A spanner in the uterus

A spanner in the uterus

When you take a newborn home from the hospital there’s a million things that swim around in your head. Is the car seat in properly? Will your other kids behave? Will the cat behave? Are they feeding properly? Sleeping?

One of the few things you don’t really give its fair due is how your wife is going. It’s terrible, I know. But the focus just falls to the one that wasn’t there the last time you left the house – the one that seems most helpless and vulnerable.

You forget how traumatic childbirth is on a woman’s body. You forget how quick they’re sent home, even if you do go Private. You just forget there’s a bigger picture.

When we took our daughter home from hospital on the Tuesday morning everything was going well. The cat was behaving and her big brother seemed quite pleased with the new addition. That Friday night we decided to grab a pizza. My wife had been having a little spot bleeding throughout the week, which is apparently quite normal, but in the 20 minutes it took me to go and pick-up dinner things went seriously pear-shaped.

When I came home there was blood everywhere. My wife was lying on the floor in the toilet. I grabbed the phone and called the hospital. To be perfectly honest, the nurse on the other end of the line couldn’t have been less helpful. “I’m sure there’s not that much blood. It often looks like more than there is.”

Well in this case, it looked like a lot because there was a lot.

“Should I call an ambulance?” I asked.

“No,” she said. “Just bring her in if you think you need to.”

Well, I ignored that advice. I called an ambulance and then called my sister-in-law who managed to intercept her husband on the way to pick up Chinese. (A bad night all around for fans of take-away food.) He came over and looked after the kids. In fact, he also cleaned the bathroom, removing all traces of blood like some kind of CSI master. Harvey Keitel would’ve been proud.

… it was a powerful reminder that even though you now have kids to look after, you still need to look after each other.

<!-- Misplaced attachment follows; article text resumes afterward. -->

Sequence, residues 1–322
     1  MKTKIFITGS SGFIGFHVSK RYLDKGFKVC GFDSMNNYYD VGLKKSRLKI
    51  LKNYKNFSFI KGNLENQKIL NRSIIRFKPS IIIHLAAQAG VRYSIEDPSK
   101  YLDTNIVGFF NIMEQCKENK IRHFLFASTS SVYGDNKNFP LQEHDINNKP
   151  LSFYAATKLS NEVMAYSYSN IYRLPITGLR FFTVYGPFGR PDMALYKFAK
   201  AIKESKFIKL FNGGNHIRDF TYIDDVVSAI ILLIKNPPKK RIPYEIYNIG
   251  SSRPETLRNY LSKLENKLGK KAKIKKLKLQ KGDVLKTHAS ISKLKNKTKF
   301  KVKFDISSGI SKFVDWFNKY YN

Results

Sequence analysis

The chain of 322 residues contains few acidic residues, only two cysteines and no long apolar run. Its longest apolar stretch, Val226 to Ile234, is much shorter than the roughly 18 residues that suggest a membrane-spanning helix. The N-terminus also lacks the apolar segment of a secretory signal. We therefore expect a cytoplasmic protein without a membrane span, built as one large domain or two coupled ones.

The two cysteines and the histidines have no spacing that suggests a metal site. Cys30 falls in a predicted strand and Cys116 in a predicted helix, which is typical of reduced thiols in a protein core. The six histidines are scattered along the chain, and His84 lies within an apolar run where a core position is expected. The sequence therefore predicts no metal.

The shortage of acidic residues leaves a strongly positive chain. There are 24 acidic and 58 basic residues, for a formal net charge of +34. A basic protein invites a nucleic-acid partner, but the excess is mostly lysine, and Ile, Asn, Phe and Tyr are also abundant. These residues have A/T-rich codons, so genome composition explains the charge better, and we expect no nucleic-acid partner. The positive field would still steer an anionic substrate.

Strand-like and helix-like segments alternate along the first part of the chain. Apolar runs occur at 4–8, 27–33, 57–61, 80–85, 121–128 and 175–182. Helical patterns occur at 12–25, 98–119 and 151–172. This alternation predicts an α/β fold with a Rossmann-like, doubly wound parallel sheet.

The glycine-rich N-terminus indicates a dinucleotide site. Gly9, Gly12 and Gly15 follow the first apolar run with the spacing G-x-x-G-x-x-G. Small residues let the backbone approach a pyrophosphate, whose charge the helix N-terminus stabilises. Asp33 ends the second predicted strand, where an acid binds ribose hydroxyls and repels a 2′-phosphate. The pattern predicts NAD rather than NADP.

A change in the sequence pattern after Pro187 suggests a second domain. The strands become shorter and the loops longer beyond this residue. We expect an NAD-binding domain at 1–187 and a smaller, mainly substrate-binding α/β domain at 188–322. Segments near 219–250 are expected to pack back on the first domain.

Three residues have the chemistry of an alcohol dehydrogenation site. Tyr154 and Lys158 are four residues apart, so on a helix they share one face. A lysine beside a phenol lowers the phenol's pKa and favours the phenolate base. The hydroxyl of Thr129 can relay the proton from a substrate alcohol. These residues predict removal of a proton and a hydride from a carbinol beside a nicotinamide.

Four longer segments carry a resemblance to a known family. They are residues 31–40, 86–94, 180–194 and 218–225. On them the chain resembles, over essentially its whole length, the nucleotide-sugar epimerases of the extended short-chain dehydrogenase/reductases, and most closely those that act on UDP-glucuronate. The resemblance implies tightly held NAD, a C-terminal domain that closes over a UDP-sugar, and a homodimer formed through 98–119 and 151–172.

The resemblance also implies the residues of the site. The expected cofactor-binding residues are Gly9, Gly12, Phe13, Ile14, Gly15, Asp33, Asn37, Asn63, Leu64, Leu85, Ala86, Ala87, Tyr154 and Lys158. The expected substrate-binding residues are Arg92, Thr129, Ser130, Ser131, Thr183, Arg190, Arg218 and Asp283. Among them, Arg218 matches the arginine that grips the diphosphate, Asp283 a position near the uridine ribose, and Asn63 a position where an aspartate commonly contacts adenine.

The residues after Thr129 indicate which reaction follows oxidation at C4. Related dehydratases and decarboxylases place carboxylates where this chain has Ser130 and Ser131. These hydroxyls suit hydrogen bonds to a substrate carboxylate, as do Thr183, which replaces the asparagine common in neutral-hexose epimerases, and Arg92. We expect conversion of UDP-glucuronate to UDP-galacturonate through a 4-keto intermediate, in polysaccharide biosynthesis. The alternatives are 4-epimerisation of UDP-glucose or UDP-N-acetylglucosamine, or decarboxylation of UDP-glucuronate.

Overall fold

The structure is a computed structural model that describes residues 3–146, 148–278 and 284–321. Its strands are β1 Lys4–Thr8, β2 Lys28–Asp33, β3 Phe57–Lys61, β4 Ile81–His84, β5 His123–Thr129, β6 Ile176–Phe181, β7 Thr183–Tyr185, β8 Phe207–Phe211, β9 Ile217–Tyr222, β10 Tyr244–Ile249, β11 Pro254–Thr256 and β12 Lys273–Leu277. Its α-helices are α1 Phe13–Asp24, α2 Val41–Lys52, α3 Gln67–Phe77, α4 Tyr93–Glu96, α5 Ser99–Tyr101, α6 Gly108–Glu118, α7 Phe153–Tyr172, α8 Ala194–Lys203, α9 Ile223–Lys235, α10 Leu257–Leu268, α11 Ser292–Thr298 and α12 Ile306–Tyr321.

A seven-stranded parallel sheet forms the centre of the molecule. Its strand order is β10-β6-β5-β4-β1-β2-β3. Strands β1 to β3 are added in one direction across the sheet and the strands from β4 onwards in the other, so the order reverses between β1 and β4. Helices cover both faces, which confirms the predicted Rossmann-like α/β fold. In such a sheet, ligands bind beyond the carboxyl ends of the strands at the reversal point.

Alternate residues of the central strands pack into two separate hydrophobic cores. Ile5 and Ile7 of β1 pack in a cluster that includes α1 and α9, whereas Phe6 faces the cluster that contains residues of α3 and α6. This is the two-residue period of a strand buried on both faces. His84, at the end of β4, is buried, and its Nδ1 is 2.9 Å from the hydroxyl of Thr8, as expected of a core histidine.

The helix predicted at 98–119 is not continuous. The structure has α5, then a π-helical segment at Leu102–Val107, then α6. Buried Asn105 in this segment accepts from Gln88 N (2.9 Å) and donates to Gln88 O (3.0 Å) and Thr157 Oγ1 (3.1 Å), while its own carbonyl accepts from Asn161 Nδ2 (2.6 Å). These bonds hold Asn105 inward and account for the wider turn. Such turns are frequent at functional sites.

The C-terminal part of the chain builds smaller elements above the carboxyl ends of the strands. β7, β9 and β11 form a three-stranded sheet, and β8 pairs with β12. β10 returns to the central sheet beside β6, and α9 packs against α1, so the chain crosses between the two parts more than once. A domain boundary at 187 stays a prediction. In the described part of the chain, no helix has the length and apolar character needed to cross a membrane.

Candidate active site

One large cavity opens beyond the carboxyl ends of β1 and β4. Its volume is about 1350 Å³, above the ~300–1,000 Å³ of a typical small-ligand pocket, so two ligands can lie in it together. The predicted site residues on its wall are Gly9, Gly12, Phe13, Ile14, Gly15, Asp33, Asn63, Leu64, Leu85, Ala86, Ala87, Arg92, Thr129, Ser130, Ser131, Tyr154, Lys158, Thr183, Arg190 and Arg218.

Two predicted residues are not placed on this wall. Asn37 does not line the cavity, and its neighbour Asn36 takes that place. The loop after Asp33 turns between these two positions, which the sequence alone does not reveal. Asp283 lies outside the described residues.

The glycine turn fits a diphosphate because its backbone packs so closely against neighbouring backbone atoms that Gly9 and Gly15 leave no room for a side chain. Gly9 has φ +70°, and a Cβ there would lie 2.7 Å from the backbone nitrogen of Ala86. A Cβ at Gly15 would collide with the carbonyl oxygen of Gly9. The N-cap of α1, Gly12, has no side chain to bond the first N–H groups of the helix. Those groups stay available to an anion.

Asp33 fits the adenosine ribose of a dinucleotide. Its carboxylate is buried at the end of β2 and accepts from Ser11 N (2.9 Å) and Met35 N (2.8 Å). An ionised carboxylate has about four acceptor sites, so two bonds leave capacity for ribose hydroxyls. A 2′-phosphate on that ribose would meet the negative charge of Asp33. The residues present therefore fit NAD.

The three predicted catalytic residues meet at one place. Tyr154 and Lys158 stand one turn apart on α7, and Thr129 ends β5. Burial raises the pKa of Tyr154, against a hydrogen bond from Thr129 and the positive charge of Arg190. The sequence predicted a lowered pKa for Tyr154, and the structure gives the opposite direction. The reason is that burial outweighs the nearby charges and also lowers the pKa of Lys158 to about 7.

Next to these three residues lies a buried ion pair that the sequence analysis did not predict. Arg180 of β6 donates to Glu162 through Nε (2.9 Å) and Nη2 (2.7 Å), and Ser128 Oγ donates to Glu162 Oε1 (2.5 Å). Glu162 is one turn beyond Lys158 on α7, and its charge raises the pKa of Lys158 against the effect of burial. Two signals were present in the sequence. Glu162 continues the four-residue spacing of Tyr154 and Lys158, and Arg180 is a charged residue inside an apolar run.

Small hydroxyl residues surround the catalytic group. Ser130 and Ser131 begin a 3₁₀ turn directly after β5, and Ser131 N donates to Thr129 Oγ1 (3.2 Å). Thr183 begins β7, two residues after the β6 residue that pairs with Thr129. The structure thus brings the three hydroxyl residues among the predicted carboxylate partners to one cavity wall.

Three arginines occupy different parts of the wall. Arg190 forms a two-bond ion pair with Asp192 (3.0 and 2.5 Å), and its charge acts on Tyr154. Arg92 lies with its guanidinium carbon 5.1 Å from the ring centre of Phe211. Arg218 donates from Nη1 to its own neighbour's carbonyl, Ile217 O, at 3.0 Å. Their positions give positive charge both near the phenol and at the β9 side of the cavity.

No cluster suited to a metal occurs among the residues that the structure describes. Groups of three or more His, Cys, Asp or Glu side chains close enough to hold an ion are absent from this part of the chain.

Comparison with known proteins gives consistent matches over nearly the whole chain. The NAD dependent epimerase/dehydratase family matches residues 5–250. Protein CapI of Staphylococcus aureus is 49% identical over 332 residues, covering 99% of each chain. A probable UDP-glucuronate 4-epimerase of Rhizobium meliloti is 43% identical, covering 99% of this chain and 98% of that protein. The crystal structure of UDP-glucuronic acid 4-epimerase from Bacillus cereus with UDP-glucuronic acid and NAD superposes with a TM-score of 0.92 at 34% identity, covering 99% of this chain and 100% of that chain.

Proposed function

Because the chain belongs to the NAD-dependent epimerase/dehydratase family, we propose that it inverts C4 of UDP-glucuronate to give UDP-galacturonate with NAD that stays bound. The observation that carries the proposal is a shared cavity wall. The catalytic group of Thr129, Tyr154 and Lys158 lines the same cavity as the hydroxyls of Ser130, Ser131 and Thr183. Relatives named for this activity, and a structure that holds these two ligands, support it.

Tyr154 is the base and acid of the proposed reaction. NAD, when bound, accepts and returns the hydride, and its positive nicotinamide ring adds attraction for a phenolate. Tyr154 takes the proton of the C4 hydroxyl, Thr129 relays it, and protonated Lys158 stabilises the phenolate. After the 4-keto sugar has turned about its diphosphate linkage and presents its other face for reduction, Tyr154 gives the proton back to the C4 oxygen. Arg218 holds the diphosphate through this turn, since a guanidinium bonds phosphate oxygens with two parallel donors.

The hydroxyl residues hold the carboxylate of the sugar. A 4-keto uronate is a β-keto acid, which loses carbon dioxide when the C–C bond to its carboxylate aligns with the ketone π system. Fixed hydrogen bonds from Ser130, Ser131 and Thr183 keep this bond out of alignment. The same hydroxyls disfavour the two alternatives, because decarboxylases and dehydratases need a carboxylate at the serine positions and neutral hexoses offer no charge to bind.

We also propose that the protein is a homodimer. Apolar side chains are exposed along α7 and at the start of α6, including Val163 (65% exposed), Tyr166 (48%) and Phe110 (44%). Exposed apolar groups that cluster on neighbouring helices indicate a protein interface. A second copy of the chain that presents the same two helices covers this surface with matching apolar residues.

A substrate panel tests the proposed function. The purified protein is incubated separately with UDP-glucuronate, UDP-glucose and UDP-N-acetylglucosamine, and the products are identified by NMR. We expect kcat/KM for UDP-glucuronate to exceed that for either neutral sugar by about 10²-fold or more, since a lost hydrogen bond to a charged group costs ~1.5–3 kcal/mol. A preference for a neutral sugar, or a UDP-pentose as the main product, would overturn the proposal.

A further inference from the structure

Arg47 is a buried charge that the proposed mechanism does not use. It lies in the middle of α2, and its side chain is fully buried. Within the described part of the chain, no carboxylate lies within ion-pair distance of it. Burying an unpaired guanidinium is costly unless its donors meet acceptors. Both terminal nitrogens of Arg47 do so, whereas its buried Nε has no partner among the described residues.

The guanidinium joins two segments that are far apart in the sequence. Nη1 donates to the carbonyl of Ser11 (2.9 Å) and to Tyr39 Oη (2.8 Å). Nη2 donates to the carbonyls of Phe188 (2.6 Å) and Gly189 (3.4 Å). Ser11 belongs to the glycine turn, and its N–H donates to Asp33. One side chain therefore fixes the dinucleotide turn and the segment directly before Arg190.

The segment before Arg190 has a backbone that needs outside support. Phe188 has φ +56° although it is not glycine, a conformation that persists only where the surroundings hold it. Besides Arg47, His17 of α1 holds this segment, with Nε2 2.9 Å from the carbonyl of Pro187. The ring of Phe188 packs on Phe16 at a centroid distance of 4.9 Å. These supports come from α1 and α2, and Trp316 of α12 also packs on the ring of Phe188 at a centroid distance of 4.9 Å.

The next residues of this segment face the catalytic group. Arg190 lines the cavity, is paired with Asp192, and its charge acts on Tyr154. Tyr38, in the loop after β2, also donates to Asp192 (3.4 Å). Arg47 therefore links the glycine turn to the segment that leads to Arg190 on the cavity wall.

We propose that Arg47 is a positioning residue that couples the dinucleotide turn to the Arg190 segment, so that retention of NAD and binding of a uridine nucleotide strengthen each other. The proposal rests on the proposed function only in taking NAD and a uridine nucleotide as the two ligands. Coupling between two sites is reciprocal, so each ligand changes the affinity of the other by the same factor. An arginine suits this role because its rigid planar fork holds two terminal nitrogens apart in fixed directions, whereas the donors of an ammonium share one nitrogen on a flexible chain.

When the paramedics arrived I was glad I’d called. Even with their professional, panic-free movements you could tell straight away that it was very serious. I called the obstetrician who told us to meet him back at the hospital we’d left only a few days before. We didn’t make it there. When the ambulance officers called ahead they were told in no uncertain terms that the hospital couldn’t handle it.

We were diverted to the Royal Women’s with lights and sirens flashing and wailing. Sitting in the front seat of the ambulance was a truly surreal experience. Everything had slowed down despite the fact we were flying through the streets. No one would get out of the way despite the lights, sirens and driver hitting the horn. Maybe their radios were up too loud. Maybe they just didn’t hear them. I didn’t really hear them either. All I remember hearing was my wife asking over and over if she was going to die. Each and every time she asked, the ambo carefully avoided the question.

When we finally got to the hospital doctors and nurses came from everywhere. Through the chaos all I could hear was blah, blah, blah and my wife continuing to ask the question no one was willing to answer. After much poking and prodding and ultra sounds and whatever else, my wife was rushed into surgery. The theory was that a bit of placenta has been left in her uterus. Fortunately the theory was proven and following a couple of blood transfusions and some deft work from the surgery team everything was made right.

It was a damn terrifying experience, one that still causes us to shudder whenever we think about it. But if nothing else, it was a powerful reminder that even though you now have kids to look after, you still need to look after each other.

Even if your wife does have a lazy uterus.

Baby blur




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